Q&A: conferencing for sales demos?
Many thanks for the presentation. We are a training company that has online learning content and Training simulators. I wondered what experience you might have or wisdom on the use of webinar in this context (i.e. doing sales demos remotely).
Regards, Allen C.
Hi Allen, thanks for reaching out.
I have a lot of experience with sales demos since I’ve been in the biz for a long time.
Web conferencing is seriously awesome for live sales demos, both in broader communications (webinars) and smaller sessions (meetings).
The BIGGEST problem in each tends to be one of audience-centricity.
In the most frequent sales demo format, the smaller meeting with a prospect, the risk is always “what I want to say” versus “what problem does my prospect have that I can show them a solution for.” The worst offense (in my very humble opinion!) is the ‘corporate backgrounder’ slide.
My recommendation: use sharing to put up a working agenda (a Word doc works fine), and get clear with the client as the meeting gets started about what they’re trying to solve. I do understand that practically they may not always fully disclose and you’ll have to make assumptions, but when you’re live, you can zero in on their particular problem or use-case and show what you need to show – slide, live demo, website, back to a few slides, back to a live demo, etc.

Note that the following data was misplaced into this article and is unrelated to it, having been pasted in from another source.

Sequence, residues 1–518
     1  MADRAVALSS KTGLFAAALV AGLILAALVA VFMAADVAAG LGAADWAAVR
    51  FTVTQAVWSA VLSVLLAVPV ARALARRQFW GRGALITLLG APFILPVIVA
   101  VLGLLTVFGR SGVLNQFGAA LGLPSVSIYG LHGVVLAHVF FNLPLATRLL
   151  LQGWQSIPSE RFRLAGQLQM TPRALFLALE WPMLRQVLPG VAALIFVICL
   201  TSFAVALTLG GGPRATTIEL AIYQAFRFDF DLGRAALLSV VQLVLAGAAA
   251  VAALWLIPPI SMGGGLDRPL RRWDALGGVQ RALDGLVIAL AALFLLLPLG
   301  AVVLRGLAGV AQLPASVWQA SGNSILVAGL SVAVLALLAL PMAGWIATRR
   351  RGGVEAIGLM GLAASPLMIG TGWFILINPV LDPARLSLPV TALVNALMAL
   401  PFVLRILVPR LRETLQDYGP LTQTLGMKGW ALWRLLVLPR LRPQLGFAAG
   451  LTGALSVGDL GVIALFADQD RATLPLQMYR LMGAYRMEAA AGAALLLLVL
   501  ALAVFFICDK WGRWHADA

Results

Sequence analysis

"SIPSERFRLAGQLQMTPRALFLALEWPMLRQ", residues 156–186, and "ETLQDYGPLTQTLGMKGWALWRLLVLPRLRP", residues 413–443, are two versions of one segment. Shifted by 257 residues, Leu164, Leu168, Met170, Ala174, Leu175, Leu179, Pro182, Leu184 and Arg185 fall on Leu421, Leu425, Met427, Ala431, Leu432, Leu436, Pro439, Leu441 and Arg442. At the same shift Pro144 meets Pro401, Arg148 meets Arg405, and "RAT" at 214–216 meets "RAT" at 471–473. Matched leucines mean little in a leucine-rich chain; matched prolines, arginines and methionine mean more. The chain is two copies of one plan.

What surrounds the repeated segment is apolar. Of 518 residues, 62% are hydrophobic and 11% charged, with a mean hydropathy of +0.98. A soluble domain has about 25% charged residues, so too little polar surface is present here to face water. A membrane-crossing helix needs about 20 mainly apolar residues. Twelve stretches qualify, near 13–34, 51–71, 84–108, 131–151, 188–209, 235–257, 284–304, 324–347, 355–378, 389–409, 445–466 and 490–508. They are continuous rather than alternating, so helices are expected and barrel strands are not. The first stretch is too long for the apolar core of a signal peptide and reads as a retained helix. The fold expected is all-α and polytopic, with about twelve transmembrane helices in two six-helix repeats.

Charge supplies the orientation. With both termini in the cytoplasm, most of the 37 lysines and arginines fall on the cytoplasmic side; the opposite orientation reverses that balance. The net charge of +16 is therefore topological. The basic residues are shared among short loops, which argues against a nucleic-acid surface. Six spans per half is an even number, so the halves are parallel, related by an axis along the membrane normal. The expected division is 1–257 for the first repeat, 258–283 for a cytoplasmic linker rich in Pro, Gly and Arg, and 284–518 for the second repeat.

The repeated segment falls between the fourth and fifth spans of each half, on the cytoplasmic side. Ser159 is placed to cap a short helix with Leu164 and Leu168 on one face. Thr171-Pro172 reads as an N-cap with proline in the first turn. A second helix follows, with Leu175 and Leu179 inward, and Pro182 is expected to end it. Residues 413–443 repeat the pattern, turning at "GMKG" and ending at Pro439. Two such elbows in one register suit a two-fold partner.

In a webinar format, the most frequent problem I see is setting expectations correctly up front. The risk (in the marketing communications process) is to want to soften the message that it’s going to be a sales demo. This may increase attendance, but ultimately hurts your brand when it turns people off.
My recommendation: clearly communicate in the invitation process what folks will see (preferably still in a benefit-to-them voice), but also make sure you make the webinar very interactive. It’s a great opportunity to answer someone’s question or objection in the process of winning them to your point of view. I think sometimes folks fear a question coming in that they can’t answer or that paints them in a negative light (‘how do you compare to competitor X’), but since your audience is usually going to hear that stuff anyway, I prefer tackling it head on.